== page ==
The Arrest of
Golightly by Rudyard Kipling
"'I've forgotten the countersign,' sez 'e.
'Oh! You 'aye, 'ave you?' sez I.
'But I'm the Colonel,' sez 'e.
'Oh! You are, are you?' sez I. 'Colonel nor no Colonel, you waits
'ere till I'm relieved, an' the Sarjint reports on your ugly old
mug. Coop!' sez I.
. . . . . . . . .
An' s'help me soul, 'twas the Colonel after all! But I was a
The Unedited Autobiography of Private Ortheris.
IF there was one thing on which Golightly prided himself more than
another, it was looking like "an Officer and a gentleman." He said
it was for the honor of the Service that he attired himself so
elaborately; but those who knew him best said that it was just
personal vanity. There was no harm about Golightly--not an ounce. He
recognized a horse when he saw one, and could do more than fill a
cantle. He played a very fair game at billiards, and was a sound man
at the whist-table. Everyone liked him; and nobody ever dreamed of
seeing him handcuffed on a station platform as a deserter. But this
sad thing happened.
He was going down from Dalhousie, at the end of his leave--riding
down. He had cut his leave as fine as he dared, and wanted to come
down in a hurry.
It was fairly warm at Dalhousie, and knowing what to expect below,
he descended in a new khaki suit--tight fitting--of a delicate
olive-green; a peacock-blue tie, white collar, and a snowy white
solah helmet. He prided himself on looking neat even when he was
riding post. He did look neat, and he was so deeply concerned about
his appearance before he started that he quite forgot to take
anything but some small change with him. He left all his notes at
the hotel. His servants had gone down the road before him, to be
ready in waiting at Pathankote with a change of gear. That was what
he called travelling in "light marching-order." He was proud of his
faculty of organization--what we call bundobust.
Twenty-two miles out of Dalhousie it began to rain--not a mere
hill- shower, but a good, tepid monsoonish downpour. Golightly
bustled on, wishing that he had brought an umbrella. The dust on the
roads turned into mud, and the pony mired a good deal. So did
Golightly's khaki gaiters. But he kept on steadily and tried to think
how pleasant the coolth was.
His next pony was rather a brute at starting, and Golightly's hands
being slippery with the rain, contrived to get rid of Golightly at a
corner. He chased the animal, caught it, and went ahead briskly. The
spill had not improved his clothes or his temper, and he had lost one
spur. He kept the other one employed. By the time that stage was
ended, the pony had had as much exercise as he wanted, and, in spite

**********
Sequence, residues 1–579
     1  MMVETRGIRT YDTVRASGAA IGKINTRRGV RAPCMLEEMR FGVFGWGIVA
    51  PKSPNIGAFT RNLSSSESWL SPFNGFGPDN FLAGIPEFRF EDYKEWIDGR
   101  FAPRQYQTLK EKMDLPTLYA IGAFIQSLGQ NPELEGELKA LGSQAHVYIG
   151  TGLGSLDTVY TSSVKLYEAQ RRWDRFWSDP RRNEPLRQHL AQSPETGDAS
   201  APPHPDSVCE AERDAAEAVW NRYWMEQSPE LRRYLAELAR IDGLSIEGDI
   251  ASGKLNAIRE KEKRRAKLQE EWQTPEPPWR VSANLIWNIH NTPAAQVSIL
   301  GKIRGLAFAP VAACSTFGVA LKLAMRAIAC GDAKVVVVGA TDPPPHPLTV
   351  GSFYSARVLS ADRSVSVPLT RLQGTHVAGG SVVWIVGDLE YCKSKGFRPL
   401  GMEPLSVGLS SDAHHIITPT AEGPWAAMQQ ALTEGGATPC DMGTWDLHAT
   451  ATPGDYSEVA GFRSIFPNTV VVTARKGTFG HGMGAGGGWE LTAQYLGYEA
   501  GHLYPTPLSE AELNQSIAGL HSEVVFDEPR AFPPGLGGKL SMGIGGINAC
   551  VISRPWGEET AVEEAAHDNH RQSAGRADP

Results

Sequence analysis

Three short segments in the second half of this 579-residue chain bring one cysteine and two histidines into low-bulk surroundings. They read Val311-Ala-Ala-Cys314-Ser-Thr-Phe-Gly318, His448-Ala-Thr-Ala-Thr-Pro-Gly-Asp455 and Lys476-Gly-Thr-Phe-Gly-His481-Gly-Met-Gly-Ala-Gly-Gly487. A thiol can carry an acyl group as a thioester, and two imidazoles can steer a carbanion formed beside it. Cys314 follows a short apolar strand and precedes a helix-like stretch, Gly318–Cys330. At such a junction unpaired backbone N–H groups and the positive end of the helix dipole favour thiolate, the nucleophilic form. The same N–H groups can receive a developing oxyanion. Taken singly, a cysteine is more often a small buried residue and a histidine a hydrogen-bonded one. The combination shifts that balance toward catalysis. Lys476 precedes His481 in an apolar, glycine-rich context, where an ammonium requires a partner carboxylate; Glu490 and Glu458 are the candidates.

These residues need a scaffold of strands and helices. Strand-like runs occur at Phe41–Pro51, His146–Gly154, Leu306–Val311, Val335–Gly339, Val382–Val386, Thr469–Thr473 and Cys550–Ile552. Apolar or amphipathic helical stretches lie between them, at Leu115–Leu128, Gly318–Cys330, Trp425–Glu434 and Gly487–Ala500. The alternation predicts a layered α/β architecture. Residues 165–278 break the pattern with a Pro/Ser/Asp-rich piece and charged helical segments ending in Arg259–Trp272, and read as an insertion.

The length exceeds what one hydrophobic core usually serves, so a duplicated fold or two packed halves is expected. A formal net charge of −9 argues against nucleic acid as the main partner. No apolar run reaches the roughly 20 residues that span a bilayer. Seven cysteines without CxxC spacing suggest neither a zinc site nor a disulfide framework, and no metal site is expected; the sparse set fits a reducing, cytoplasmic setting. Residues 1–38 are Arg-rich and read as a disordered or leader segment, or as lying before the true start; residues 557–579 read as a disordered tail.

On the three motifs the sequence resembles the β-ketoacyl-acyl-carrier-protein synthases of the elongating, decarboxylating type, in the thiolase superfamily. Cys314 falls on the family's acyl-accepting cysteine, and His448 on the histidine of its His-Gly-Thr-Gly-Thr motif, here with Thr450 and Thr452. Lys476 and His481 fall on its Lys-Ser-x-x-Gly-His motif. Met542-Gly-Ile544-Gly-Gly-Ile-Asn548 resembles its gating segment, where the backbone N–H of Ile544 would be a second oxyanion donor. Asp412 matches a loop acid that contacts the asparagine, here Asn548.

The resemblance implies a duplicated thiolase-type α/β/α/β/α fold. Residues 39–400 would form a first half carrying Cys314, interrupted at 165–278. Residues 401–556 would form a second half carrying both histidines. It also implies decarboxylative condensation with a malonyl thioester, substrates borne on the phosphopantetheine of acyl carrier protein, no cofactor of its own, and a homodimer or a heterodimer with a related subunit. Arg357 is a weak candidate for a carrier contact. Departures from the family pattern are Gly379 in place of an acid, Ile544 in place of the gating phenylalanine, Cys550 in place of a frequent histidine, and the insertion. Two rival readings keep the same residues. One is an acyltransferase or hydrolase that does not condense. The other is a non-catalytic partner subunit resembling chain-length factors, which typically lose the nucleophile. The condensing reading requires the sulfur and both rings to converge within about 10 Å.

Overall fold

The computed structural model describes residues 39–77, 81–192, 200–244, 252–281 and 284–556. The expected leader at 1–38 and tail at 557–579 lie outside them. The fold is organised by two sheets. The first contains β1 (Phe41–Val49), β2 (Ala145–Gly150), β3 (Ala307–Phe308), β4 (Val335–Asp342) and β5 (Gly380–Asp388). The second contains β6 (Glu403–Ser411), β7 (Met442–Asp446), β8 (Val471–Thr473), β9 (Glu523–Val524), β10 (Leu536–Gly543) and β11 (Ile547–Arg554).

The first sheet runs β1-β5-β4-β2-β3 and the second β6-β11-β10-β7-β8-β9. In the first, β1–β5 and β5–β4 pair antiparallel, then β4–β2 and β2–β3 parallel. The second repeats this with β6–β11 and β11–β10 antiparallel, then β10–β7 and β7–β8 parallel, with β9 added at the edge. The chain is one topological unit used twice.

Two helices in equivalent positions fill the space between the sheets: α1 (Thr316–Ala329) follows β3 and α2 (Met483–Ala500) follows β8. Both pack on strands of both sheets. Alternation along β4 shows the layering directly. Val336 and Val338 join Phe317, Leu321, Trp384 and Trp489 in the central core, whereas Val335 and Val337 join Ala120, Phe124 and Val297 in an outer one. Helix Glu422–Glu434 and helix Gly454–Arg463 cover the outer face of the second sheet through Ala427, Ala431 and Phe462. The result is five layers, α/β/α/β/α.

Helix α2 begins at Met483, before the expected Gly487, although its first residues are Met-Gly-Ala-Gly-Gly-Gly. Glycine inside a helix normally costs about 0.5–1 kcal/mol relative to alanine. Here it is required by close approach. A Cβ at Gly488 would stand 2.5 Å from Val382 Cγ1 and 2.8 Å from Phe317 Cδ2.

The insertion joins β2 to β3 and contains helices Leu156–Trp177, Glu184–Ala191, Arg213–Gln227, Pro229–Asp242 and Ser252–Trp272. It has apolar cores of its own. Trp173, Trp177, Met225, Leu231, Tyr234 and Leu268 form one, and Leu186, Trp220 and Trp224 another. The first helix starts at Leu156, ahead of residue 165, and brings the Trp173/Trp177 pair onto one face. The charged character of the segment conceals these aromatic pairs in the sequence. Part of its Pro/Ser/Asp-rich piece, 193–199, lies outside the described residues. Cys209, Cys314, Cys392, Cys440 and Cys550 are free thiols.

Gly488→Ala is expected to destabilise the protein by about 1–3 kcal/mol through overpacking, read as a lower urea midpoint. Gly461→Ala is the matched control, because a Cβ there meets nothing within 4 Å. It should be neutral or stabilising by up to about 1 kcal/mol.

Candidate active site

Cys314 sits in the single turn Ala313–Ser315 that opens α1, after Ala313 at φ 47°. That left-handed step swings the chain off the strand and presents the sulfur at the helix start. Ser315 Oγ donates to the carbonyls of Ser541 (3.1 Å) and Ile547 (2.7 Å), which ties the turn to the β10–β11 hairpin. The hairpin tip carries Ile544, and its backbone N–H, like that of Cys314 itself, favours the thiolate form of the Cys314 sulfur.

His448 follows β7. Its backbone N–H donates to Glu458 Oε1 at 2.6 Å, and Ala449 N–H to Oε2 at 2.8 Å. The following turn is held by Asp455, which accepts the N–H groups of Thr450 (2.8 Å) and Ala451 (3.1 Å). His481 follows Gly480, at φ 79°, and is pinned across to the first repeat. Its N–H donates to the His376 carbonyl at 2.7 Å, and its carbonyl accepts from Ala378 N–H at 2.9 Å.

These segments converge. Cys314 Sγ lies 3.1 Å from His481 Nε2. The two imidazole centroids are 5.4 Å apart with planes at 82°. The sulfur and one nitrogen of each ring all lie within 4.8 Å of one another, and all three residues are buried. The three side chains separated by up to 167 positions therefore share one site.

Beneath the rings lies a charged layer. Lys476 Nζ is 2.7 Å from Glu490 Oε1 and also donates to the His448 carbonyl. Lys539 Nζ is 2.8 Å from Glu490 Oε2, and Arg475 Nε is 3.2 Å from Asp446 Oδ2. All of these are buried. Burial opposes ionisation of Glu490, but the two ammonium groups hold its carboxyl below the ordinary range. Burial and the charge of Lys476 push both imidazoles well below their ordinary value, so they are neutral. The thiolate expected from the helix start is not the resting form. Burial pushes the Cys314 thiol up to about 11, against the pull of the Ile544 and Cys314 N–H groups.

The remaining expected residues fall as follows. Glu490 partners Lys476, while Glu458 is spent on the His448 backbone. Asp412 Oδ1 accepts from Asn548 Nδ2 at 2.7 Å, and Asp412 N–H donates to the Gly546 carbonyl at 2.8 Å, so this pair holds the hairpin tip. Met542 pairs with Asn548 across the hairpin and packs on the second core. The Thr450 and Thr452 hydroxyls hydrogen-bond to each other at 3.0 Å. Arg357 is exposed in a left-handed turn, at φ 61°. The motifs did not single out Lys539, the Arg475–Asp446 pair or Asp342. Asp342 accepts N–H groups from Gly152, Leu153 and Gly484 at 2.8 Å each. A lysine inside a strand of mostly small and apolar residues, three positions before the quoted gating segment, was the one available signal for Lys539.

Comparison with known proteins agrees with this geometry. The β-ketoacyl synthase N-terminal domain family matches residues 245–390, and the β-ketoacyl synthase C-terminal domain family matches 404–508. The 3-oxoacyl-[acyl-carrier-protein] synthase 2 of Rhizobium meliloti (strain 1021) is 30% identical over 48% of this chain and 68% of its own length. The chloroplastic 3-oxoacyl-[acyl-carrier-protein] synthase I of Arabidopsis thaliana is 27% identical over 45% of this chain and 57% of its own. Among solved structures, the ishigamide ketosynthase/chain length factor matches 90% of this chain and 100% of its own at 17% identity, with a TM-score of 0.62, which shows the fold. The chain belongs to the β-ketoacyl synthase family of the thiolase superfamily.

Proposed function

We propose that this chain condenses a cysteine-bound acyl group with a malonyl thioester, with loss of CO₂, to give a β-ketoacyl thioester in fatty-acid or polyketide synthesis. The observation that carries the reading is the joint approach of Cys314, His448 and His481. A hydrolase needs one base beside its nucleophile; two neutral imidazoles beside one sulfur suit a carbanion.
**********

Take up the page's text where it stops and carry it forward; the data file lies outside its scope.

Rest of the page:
of the rain, Golightly was sweating freely. At the end of another
miserable half-hour, Golightly found the world disappear before his
eyes in clammy pulp. The rain had turned the pith of his huge and
snowy solah-topee into an evil-smelling dough, and it had closed on
his head like a half-opened mushroom. Also the green lining was
beginning to run.
Golightly did not say anything worth recording here. He tore off
and squeezed up as much of the brim as was in his eyes and ploughed
on. The back of the helmet was flapping on his neck and the sides
stuck to his ears, but the leather band and green lining kept things
roughly together, so that the hat did not actually melt away where it
Presently, the pulp and the green stuff made a sort of slimy mildew
which ran over Golightly in several directions--down his back and
bosom for choice. The khaki color ran too--it was really shockingly
bad dye--and sections of Golightly were brown, and patches were
violet, and contours were ochre, and streaks were ruddy red, and
blotches were nearly white, according to the nature and peculiarities
of the dye. When he took out his handkerchief to wipe his face and
the green of the hat-lining and the purple stuff that had soaked
through on to his neck from the tie became thoroughly mixed, the
effect was amazing.
Near Dhar the rain stopped and the evening sun came out and dried
him up slightly. It fixed the colors, too. Three miles from
Pathankote the last pony fell dead lame, and Golightly was forced to
walk. He pushed on into Pathankote to find his servants. He did not
know then that his khitmatgar had stopped by the roadside to get
drunk, and would come on the next day saying that he had sprained his
ankle. When he got into Pathankote, he couldn't find his servants,
his boots were stiff and ropy with mud, and there were large
quantities of dirt about his body. The blue tie had run as much as
the khaki. So he took it off with the collar and threw it away. Then
he said something about servants generally and tried to get a peg. He
paid eight annas for the drink, and this revealed to him that he had
only six annas more in his pocket--or in the world as he stood at that
He went to the Station-Master to negotiate for a first-class ticket
to Khasa, where he was stationed. The booking-clerk said something
to the Station-Master, the Station-Master said something to the
Telegraph Clerk, and the three looked at him with curiosity. They
asked him to wait for half-an-hour, while they telegraphed to
Umritsar for authority. So he waited, and four constables came and
grouped themselves picturesquely round him. Just as he was preparing
to ask them to go away, the Station-Master said that he would give the